People celebrate the departure of the old year and arrival of the new one in a variety of ways. Some people party in the change of the calendar and wake up with a hangover a day or two into the new year.

Others still prefer a "rockin'" New Year's Eve, even though Dick Clark is no longer with us to introduce singers and musical groups I have never heard of.

Then there are others who snore in the new year. I would be among those others. I again greeted the arrival of Jan. 1 with mouth open and eyelids closed, but as usual I didn't do that deliberately.

Also, I didn't do it to be contrary as some people do. These are night owls who usually like to stay up until all that is on TV are 240 channels showing infomercials about three topics: dieting, exercising or preparing foods.

Just as there are those steady drinkers who refuse to go out on New Year's Eve because of all the amateur imbibers who emerge on that night, these people who love the early morning go to bed early just to spite the rookies who stay up.

There are also those who have to record the 10 o'clock news throughout the year, so they remain true to their early-to-bed principles and treat Dec. 31 as just an ordinary night and not the eve of the new year.

Then there are those like me who have every intention of staying up to midnight. We don't do this because we love to throw confetti, use noisemakers and wear funny hats. We do this because greeting the new year is just something that should be done.

The irony is that when my siblings and I were kids, we always looked forward to staying up late. We looked forward to New Year's Eve because we got to forget about our usual 9 o'clock bedtime.

This was extra enjoyable because we did not have to whine and wheedle to get our parents to extend our 9 p.m. bedtime deadline "until the next commercial." (That never worked and we would be marched up to bed at 9 anyway.)

It was like a journey to an exotic place to be able to stay up so late. This was a rare pleasure, even if we did have to undergo some hardships in order to experience it.

Back then, New Year's Eve was not official unless my family watched a show featuring Guy Lombardo and His Royal Canadians, who played in the new year with "Auld Lang Syne."

We watched "The Lawrence Welk Show" each week on the family's only TV, so Guy had a tough act to follow. It might have helped if he had had a bubble machine like Lawrence Welk did for his "champagne music."

Another family New Year's tradition was to eat sardines to usher in Jan. 1. The only good part about that was that we got the sardine taste out of our mouths with a rare treat of shrimp.

My brothers, sister and I also got to hold new $10 bills to welcome in the New Year. Unfortunately, we had to return them to our folks after the celebration. (I would have even been willing to eat more sardines if I got to keep the ten-spot.)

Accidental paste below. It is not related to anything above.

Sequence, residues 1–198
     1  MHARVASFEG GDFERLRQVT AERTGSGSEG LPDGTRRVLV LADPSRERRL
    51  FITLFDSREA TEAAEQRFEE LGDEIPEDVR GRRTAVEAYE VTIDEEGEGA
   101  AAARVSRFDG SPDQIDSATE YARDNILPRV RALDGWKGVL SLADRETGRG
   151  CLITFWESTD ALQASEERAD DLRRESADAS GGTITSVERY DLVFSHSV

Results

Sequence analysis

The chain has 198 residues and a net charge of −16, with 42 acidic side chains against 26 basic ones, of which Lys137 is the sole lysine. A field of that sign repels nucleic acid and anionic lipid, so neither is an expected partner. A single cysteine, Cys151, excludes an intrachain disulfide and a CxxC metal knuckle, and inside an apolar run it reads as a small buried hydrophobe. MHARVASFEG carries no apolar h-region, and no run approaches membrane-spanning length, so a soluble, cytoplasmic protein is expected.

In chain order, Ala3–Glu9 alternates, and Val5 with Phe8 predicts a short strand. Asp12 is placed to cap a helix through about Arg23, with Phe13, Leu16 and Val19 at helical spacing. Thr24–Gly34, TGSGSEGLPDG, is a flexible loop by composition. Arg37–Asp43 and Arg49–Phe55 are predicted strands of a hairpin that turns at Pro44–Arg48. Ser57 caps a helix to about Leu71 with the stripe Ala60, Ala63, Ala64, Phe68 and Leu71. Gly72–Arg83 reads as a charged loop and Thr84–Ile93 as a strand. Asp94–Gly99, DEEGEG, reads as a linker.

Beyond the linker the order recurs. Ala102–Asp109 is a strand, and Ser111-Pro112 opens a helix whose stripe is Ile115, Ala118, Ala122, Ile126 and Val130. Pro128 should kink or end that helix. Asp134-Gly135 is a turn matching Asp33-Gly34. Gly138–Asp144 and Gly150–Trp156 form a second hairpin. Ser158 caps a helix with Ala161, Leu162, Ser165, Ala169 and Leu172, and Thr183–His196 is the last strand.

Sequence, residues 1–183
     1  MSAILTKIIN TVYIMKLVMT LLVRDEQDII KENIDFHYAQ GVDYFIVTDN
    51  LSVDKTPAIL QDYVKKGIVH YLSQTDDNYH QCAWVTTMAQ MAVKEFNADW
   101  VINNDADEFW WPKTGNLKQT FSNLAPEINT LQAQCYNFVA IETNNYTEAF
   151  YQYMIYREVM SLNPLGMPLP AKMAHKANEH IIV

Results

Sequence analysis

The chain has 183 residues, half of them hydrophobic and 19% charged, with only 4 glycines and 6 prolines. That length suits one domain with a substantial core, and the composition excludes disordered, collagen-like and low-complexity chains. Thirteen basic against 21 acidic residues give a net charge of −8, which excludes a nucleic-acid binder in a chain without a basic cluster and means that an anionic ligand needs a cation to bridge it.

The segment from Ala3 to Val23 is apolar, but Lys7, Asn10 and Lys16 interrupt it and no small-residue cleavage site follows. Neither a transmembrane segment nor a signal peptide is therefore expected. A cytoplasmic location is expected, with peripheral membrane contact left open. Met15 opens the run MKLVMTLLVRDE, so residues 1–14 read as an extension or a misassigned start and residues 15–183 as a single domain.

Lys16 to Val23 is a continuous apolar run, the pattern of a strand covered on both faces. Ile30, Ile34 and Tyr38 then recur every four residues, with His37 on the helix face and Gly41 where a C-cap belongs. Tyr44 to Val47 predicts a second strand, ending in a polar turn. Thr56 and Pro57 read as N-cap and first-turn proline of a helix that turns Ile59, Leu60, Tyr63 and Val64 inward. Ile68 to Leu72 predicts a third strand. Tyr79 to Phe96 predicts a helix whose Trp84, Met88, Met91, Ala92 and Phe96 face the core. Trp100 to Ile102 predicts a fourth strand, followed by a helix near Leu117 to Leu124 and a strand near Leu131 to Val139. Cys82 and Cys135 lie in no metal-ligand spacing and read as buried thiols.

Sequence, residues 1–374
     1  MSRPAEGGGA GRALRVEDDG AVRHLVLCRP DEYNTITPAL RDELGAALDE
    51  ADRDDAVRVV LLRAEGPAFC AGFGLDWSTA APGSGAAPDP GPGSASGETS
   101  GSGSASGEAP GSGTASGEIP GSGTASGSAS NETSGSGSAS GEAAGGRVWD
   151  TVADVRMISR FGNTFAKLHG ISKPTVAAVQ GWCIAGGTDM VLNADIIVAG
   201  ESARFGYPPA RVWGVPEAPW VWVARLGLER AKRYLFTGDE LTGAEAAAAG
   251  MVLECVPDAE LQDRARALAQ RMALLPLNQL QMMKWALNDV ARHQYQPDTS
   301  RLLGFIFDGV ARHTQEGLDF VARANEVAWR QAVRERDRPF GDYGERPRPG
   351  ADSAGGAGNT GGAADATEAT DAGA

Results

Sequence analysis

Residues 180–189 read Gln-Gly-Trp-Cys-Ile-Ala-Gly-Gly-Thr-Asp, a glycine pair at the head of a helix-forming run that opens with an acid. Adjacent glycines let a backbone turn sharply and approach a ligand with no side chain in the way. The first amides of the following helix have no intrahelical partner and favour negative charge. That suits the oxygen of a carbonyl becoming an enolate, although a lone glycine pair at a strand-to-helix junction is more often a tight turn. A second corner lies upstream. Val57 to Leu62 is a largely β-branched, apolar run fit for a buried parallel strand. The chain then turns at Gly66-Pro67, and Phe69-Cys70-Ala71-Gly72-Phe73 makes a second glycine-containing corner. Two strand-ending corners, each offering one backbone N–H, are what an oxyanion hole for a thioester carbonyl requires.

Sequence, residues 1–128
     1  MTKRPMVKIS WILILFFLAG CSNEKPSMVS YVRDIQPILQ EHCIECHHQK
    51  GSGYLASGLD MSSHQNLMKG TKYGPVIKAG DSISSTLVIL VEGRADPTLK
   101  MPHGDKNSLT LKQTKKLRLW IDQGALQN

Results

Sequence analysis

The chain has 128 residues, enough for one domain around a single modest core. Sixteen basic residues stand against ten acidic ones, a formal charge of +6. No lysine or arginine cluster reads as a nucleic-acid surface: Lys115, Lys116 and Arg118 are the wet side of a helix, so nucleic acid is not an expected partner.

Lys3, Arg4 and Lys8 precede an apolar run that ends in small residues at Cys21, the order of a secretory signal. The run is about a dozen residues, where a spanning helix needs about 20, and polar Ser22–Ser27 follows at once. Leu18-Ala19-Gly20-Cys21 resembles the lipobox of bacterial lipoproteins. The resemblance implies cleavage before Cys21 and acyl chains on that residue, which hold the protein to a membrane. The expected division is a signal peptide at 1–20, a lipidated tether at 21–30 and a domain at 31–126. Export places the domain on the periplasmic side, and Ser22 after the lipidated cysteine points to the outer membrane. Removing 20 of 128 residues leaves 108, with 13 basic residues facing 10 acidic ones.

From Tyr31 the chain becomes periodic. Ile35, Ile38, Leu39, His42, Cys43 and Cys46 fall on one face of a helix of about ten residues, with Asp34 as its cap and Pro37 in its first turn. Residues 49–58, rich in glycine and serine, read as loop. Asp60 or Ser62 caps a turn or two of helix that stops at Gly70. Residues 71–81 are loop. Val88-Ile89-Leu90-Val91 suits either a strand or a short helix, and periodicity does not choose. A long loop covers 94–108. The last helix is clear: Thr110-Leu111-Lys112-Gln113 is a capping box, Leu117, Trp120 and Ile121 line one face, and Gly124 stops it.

As a young adult, alcohol figured in the New Year's Eve celebration. A few of my friends celebrated the imminent arrival of Jan. 1 with such enthusiasm that they did not even see 9 o'clock, my childhood bedtime.

While alcohol did seem to add something to the celebration, it carried with it a heavy price.

My old friend Professor Van Von Venn has a theory about why pork and sauerkraut comprise the traditional meal on New Year's Day.

"It's not that people are all that crazy about starting their year with fermented cabbage," said Von Venn. "Sauerkraut was invented by a group of women who wanted to punish their husbands for drinking too much on New Year's Eve.

"They figured the smell of cooking cabbage would be the aroma that hung-over guys would be least likely to appreciate."

However, the tradition of people staying up to midnight means something else to me. I feel as though fate is playing a practical joke on me three months before April 1 and April Fools' Day.

I spent my early life wishing I could stay up as late as I wanted, and my college and young adult years doing just that. Now, there are few gifts I would appreciate more than getting to bed early.

However, work, household and other responsibilities usually conspire to keep Jo Ann and me from getting to sleep much before 11 or even midnight, having to get up 6 or 6 ½ hours later.

New Year's Eve is one of the few nights when we would like to stay up to midnight, since we have the holiday to sleep in.

This year, we had every intention of watching a double-feature of Elvis Presley DVDs that were Christmas presents. We both made it through the first film, but didn't get more than 15 minutes into the second one before we both fell asleep sitting up on a sofa.

We woke up about three hours into the year and had to trudge up two flights of steps after Elvis had left the building.

On the plus side, though, Jo Ann did not make me eat any sardines.

(Walt Kozlowski, a freelance writer from Mount Carmel, composes "Walt's Way" for each Sunday edition.)